Metro Vancouver sales tax increase would send shoppers to Abbotsford, say Langley businesses

The president of the Greater Langley Chamber of Commerce says the 0.5 per cent PST increase proposed by Metro Vancouver's mayors would be bad for local businesses.

The 0.5 per cent tax increase has been proposed as a means of funding transit improvements

The proposed tax hike, if approved in next year's transit referendum, would help fund new transit projects and improvement work in Metro Vancouver. (CBC)

The president of the Greater Langley Chamber of Commerce said the 0.5 per cent PST increase proposed by Metro Vancouver's mayors could drive shoppers to nearby Abbotsford, which will not be subject to the tax increase.

The region's mayors proposed the tax hike last Thursday, when they hammered out the question that could be asked in next year's transit referendum on how to fund new transit projects and improvement work.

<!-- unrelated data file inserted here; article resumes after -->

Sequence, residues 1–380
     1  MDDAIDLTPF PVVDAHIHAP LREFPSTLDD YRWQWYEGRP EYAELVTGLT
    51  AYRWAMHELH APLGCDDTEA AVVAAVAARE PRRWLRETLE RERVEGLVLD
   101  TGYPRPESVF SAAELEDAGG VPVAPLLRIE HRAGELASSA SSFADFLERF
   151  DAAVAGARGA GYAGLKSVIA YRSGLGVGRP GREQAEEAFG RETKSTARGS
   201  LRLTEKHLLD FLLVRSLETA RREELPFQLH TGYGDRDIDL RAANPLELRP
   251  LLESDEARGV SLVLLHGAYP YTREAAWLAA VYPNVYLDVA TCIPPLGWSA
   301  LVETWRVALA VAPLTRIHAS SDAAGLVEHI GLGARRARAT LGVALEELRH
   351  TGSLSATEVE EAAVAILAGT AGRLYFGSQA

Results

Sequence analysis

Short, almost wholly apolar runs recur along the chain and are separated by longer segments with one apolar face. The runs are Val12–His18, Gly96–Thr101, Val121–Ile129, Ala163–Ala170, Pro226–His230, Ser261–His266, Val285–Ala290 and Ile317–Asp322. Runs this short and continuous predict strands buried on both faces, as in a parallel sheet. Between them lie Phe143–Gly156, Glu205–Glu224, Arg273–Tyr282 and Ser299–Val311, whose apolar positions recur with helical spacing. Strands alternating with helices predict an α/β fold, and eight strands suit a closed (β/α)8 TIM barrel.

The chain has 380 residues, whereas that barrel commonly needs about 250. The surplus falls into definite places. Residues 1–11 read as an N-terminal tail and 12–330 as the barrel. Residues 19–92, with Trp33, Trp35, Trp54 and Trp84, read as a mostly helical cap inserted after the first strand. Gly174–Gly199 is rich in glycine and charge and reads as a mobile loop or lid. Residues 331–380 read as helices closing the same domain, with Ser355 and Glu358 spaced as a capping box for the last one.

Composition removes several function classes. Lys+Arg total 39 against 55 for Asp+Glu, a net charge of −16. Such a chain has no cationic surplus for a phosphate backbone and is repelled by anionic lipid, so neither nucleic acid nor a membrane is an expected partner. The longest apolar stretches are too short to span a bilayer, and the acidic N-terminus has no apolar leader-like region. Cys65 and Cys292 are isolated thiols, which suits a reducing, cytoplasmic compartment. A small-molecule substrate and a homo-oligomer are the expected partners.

The mayors say the tax increase is necessary to pay for projects like a Broadway SkyTrain Line, a new Pattullo Bridge, and light rail in Surrey.

But Kristine Simpson, president of the Greater Langley Chamber of Commerce, says local businesses are concerned the tax hike could prompt people to drive to Abbotsford instead, to save on big purchases.

"One of the associations that's come forward is the Car Dealership Association," she told Gloria Macarenko for the CBC Radio program On The Coast.

Simpson believes user fees are a better way to fund transportation improvements.

"Right now we have a tolling policy that only tolls a couple of bridges in the region. So it would make sure that everybody in the region is paying based on their usage," Simpson said.

Hear Kristine Simpson's interview for On The Coast by clicking audio link: Langley business

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